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Srinivasan, Harinee; Hohl, Hannah Tuulikki; Heumann, Christian; Froeschl, Guenter (2023): Patient characteristics and testing over COVID-19 waves 1 and 2 from the first German COVID-19 testing unit in Munich, Germany. BMC Infectious Diseases, 23 (1). ISSN 1471-2334

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In Munich, the first German case of severe acute respiratory syndrome coronavirus 2 (SARS-CoV-2) was detected on 27 January 2020 at the Division of Infectious Diseases and Tropical Medicine of the University Hospital LMU Munich (DIDTM), and consecutively the Covid Testing Unit was established. Germany advocated several public health measures to control the outbreak. This study investigates the effects of measures on health service utilization in the public, which in turn can alter case numbers and test positivity rates.

Our retrospective observational study was conducted to determine the effects of public health measures on the utilization of a testing facility and positivity rates from the first operational COVID-19 testing facility in Munich for waves 1 and 2 over a period of 14 months. This was accomplished by comparing trends in client characteristics including age, gender, symptoms, and socio-demographic aspects over time to non-pharmaceutical measures in Germany. To depict trend changes in testing numbers over time, we developed a negative binomial model with multiple breakpoints.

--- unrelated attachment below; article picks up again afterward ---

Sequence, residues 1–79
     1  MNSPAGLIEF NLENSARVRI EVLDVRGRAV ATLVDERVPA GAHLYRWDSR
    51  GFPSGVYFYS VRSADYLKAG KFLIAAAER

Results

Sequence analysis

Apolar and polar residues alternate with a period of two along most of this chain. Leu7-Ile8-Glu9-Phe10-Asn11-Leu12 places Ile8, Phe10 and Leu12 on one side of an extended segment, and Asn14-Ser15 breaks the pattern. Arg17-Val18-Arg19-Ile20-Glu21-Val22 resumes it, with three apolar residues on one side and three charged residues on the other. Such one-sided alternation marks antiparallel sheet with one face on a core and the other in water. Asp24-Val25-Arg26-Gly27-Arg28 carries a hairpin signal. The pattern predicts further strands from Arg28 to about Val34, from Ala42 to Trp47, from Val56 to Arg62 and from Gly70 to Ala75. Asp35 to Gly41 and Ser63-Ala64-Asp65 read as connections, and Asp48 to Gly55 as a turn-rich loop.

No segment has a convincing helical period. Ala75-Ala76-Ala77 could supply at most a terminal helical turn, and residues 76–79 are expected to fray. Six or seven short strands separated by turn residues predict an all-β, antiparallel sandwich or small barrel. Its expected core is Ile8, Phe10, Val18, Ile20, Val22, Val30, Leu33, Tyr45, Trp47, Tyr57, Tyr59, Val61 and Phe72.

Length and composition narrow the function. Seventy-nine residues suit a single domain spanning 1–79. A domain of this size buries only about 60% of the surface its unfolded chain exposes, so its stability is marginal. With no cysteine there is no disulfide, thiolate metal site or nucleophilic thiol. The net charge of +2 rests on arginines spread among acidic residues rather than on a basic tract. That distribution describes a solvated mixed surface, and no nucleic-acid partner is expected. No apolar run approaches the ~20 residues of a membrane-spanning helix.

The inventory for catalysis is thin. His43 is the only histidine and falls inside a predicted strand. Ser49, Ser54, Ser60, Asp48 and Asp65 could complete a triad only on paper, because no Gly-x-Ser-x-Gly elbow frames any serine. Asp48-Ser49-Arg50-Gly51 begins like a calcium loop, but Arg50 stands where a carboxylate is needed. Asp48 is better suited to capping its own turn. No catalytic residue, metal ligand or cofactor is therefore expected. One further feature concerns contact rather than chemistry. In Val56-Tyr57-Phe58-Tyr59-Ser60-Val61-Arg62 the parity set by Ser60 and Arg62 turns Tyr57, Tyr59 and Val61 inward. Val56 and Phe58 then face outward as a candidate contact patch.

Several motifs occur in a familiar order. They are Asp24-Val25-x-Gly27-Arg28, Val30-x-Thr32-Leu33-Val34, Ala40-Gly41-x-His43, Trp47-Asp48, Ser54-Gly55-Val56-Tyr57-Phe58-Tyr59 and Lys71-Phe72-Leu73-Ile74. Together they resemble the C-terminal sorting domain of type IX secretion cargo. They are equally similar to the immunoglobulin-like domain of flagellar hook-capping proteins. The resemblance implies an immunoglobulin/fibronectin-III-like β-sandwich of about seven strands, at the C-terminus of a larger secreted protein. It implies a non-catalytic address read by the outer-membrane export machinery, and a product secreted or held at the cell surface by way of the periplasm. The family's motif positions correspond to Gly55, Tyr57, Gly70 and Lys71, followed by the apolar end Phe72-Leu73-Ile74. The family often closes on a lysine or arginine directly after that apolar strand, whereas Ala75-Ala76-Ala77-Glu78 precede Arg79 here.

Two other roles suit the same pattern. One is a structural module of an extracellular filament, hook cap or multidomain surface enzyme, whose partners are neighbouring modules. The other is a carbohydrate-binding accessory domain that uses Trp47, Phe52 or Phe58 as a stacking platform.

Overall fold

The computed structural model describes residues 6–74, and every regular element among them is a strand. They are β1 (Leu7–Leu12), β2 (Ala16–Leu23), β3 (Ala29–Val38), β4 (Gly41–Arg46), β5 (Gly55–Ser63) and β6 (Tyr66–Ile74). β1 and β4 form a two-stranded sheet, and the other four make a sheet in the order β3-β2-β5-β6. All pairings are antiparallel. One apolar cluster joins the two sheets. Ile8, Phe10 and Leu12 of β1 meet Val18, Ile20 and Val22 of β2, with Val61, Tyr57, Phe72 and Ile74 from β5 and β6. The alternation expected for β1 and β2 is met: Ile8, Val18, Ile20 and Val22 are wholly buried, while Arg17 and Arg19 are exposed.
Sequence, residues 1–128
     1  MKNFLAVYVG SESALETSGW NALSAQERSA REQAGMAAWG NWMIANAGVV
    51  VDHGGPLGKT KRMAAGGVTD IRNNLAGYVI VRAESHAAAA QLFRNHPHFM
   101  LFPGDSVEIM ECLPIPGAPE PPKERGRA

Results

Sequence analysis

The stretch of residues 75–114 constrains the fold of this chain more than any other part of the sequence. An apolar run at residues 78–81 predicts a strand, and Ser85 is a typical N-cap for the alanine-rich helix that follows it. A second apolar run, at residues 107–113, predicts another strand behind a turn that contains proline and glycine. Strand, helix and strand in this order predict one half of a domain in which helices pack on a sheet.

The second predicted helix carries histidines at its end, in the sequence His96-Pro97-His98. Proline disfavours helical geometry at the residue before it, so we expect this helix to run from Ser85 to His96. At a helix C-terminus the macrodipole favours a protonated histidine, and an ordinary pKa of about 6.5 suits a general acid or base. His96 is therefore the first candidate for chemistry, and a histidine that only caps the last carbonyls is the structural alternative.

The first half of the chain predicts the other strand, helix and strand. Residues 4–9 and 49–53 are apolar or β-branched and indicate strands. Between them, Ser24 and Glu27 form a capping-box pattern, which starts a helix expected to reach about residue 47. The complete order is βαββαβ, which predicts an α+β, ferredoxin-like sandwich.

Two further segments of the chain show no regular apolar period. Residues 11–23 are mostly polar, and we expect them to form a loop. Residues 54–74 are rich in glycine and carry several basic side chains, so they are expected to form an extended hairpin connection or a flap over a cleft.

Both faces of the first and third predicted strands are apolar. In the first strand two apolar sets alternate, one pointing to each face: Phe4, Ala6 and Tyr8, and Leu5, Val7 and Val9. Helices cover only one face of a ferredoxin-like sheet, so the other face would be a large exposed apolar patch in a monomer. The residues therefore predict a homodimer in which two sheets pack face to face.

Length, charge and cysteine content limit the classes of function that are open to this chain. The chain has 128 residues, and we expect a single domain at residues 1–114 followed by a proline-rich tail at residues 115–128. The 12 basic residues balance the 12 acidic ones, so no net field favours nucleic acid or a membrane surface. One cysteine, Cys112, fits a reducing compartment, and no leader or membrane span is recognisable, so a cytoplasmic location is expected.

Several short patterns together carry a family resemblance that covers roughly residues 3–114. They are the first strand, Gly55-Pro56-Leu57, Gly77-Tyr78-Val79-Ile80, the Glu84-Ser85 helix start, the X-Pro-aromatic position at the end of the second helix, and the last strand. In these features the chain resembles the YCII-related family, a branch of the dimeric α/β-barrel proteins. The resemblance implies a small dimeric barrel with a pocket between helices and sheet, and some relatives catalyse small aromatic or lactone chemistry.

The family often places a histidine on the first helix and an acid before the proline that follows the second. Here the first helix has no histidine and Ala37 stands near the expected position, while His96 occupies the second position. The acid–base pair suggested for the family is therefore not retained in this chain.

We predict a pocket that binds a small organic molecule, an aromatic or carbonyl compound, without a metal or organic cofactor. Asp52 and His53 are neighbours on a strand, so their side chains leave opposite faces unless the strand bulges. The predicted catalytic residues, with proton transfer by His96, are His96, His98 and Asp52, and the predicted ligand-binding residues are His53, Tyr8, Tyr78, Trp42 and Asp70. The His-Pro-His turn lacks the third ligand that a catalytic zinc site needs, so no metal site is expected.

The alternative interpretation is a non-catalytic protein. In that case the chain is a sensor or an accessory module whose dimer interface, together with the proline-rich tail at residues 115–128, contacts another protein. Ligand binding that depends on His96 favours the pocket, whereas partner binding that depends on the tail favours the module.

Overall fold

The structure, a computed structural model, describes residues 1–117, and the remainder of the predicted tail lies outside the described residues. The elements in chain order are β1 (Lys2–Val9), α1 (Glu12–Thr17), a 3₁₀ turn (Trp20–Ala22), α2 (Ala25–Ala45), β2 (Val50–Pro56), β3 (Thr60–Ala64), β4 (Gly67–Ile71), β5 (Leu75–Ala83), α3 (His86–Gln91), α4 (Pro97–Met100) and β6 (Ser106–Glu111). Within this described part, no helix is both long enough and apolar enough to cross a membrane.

In total 9861 tests were conducted on 6989 clients. The clients were mostly young (median age: 34), female (60.58%), and asymptomatic (67.89%). Among those who tested positive for SARS-CoV-2, 67.72% were symptomatic while the percentage was 29.06% among those who tested negative. There are other risk factors, but a SARS-CoV-2-positive colleague at work is the most prominent factor. Trend changes in the clients’ testing numbers could be attributed to the implementation of various public health measures, testing strategies, and attitudes of individuals toward the pandemic. However, test positivity rates did not change substantially during the second wave of the pandemic.

We could show that implementation or changes in public health measures have a strong effect on the utilization of testing facilities by the general public, which independently of the true epidemiological background situation can result in changing test numbers.

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